A New Meta-Analysis, “Finds that Digital Picture Books Harm Young Children’s Learning—Unless the Books Have the Right Enhancements”
A comprehensive meta-analysis of prior research has found, overall, that children ages 1 to 8 were less likely to understand picture books when they read the digital, versus print, version. However, when digital picture books contain the right enhancements that reinforce the story content, they outperform their print counterparts. The results were published today in Review of Educational Research, a peer-reviewed journal of the American Educational Research Association.
Authors Natalia Kucirkova at the University of Stavanger in Norway and The Open University in the United Kingdom, and May Irene Furenes and Adriana G. Bus at the University of Stavanger, analyzed the results of 39 studies that included a total 1,812 children between the ages of 1 and 8. For their analysis, the authors compared children’s story comprehension and vocabulary learning when they read a book on paper versus on screen, and assessed the effects of story-related enhancements in digital books, the presence of a dictionary, and the role of adult support. The bulk of the studies were carried out between 2010 and 2019, and for the greater the part, in the last four years of that time span.
“The wide availability of digital reading options and the rich tradition of children’s print books beg the question of which reading format is better suited for young readers’ learning,” said Kucirkova, a professor of early childhood development at the University of Stavanger and The Open University. “We found that when the print and digital versions of a book are practically the same and differ only in the voice-over or highlighted print as additional features in the digital book, then print outperforms digital.”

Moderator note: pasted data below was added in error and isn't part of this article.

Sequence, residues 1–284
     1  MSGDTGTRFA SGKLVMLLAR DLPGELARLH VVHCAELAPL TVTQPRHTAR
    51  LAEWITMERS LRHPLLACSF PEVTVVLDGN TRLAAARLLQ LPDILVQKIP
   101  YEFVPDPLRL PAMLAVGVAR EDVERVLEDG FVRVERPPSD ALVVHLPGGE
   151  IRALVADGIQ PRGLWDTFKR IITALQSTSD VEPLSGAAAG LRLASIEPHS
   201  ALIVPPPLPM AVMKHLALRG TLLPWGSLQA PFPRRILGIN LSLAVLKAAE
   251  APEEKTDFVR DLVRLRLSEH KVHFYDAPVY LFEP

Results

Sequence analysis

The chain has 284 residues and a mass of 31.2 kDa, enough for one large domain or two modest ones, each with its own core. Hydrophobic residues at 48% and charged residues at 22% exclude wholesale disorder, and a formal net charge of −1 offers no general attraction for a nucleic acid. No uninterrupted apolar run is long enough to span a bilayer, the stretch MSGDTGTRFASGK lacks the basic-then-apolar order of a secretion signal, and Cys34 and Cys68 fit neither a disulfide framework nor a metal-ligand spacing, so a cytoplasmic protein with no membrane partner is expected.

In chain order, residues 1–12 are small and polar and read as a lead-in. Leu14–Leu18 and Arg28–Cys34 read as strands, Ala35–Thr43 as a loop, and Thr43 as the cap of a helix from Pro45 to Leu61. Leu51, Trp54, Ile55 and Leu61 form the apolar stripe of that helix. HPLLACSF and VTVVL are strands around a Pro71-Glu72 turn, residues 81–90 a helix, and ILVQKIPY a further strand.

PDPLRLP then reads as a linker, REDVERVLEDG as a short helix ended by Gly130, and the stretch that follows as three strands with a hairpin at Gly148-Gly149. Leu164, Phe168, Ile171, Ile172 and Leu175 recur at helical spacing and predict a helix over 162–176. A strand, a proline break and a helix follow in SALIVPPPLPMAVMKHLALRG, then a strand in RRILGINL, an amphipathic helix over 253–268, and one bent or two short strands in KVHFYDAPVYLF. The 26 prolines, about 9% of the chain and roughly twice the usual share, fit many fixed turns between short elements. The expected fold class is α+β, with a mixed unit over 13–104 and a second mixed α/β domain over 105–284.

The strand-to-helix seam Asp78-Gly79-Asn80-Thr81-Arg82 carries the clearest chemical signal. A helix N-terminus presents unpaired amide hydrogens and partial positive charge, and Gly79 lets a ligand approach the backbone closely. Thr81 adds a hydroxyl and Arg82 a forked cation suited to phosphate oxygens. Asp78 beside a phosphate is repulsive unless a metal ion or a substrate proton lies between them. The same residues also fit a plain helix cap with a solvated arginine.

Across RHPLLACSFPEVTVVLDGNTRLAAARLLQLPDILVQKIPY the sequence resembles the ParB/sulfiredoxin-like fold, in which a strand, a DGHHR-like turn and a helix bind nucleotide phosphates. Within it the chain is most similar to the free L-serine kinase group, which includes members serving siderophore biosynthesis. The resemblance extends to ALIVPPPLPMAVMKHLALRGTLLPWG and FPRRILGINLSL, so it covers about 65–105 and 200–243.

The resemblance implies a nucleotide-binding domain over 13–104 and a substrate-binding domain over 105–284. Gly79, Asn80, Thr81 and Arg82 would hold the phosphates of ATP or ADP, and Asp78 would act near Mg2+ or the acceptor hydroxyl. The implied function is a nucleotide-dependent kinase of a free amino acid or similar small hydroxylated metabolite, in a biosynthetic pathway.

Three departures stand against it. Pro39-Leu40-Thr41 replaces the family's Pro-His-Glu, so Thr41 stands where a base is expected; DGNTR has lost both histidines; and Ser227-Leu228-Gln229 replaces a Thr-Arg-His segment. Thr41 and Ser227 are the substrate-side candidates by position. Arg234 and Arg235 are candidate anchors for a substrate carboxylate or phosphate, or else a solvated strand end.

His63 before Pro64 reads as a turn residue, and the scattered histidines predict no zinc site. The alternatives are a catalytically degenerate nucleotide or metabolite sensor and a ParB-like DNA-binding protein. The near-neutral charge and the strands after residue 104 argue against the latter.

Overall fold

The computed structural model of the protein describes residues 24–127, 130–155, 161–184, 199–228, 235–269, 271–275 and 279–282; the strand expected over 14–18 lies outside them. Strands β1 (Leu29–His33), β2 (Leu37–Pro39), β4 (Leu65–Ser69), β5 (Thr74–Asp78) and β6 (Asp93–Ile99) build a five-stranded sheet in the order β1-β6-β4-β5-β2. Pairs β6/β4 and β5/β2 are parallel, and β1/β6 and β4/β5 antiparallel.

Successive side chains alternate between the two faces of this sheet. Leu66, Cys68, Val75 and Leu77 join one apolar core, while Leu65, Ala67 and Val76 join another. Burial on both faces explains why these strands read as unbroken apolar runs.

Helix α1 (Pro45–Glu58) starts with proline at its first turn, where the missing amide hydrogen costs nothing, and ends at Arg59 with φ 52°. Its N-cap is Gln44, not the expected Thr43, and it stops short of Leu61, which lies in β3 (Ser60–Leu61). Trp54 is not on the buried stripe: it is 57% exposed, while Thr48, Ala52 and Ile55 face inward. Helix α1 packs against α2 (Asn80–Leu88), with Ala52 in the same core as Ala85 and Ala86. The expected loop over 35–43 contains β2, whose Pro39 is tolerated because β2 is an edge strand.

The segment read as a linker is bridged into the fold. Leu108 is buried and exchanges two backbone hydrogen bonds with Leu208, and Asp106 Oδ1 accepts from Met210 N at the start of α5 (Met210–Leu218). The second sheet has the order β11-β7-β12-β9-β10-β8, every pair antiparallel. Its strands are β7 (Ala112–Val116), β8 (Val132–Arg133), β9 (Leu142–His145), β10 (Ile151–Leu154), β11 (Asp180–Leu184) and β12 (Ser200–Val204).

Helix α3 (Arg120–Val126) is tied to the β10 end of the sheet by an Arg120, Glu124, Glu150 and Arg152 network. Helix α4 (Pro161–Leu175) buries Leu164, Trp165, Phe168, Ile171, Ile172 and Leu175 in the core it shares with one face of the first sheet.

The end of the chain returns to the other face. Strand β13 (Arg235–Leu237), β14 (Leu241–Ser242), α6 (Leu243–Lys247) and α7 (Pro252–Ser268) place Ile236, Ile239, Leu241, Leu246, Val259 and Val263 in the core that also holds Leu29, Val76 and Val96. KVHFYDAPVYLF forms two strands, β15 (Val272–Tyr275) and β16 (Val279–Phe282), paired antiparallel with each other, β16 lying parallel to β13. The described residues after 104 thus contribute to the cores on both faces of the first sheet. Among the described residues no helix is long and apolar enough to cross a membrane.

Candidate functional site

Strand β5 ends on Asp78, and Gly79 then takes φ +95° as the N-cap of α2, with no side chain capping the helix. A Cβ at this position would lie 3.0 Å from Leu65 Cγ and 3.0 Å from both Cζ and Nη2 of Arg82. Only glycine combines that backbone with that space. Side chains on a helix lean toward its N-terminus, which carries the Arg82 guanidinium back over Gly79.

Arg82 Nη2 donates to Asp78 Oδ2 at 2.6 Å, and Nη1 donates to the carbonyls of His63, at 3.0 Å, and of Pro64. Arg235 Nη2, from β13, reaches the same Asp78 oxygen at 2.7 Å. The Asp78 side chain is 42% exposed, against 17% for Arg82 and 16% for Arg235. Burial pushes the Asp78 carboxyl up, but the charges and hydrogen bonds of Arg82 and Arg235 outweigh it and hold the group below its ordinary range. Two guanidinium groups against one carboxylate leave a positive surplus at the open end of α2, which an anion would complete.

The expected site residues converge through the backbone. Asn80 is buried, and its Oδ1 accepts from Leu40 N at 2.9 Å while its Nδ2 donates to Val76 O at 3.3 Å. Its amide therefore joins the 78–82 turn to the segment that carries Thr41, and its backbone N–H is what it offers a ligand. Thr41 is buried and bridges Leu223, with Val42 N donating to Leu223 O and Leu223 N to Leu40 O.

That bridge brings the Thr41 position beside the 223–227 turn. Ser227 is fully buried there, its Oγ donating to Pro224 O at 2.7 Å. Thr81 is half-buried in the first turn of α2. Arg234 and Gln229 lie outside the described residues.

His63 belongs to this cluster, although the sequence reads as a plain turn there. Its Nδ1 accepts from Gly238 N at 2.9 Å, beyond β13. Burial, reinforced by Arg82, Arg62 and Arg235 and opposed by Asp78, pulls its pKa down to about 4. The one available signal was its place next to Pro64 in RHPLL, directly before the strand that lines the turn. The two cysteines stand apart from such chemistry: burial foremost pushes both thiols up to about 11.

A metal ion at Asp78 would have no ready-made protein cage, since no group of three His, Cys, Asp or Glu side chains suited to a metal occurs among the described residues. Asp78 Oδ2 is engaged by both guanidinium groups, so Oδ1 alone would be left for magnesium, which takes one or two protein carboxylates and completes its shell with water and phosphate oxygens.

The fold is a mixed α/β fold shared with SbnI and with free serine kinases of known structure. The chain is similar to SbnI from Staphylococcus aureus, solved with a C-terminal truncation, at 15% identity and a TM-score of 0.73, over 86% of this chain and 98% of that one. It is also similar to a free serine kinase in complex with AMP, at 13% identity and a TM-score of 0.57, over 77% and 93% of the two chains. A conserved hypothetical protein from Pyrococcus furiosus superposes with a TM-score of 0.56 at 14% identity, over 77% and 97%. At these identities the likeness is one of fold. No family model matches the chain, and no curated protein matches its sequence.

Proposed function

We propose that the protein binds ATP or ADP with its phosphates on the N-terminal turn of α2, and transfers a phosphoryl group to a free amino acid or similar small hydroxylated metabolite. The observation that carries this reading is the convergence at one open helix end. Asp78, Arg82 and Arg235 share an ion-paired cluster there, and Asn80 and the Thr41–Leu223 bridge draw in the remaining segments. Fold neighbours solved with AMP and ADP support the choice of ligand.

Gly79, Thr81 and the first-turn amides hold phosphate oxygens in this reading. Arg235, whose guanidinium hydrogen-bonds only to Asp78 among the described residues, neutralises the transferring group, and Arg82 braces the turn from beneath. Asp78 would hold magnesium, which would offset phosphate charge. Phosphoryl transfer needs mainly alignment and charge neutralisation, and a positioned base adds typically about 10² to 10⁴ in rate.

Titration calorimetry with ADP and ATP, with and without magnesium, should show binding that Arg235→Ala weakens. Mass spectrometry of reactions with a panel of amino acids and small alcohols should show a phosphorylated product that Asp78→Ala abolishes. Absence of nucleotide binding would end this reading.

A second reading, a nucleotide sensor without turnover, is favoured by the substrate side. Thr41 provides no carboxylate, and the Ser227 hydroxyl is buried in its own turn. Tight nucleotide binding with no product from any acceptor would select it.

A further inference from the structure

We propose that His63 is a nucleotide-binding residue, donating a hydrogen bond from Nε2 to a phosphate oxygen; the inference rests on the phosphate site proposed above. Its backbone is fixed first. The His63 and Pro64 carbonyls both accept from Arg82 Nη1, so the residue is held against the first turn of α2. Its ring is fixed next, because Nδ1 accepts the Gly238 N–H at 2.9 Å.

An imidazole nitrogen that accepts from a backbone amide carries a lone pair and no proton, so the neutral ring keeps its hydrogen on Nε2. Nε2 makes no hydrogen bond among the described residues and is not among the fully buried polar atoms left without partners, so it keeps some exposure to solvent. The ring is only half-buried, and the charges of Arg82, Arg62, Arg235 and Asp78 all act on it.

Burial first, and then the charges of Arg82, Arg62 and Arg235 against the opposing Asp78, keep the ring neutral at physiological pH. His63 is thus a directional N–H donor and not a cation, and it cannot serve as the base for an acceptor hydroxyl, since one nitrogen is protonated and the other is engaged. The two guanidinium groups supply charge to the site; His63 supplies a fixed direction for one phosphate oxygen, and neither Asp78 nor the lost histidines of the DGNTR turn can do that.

The authors found that the digital device itself and sometimes digital enhancements that are not aligned with the story content—such as a dictionary—interfere with children’s story comprehension.
When digital enhancements are designed to increase children’s ability to make sense of the narrative—for instance, by prompting children’s background knowledge to understand the story or providing additional explanations of story events—digital books not only outweigh the negative effects of the digital device but also outperform print books on children’s story comprehension.
“Our overall findings may reflect the rather low quality of enhancements in the digital books available for young children,” said Kucirkova. “Many digitized versions of picture books are inferior to the print version, yet young children widely use them.”
This study was supported by a grant from the Research Council of Norway.
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About Gary Price
Gary Price (email@example.com) is a librarian, writer, consultant, and frequent conference speaker based in the Washington D.C. metro area. He earned his MLIS degree from Wayne State University in Detroit. Price has won several awards including the SLA Innovations in Technology Award and Alumnus of the Year from the Wayne St. University Library and Information Science Program. From 2006-2009 he was Director of Online Information Services at Ask.com. Gary is also the co-founder of infoDJ an innovation research consultancy supporting corporate product and business model teams with just-in-time fact and insight finding.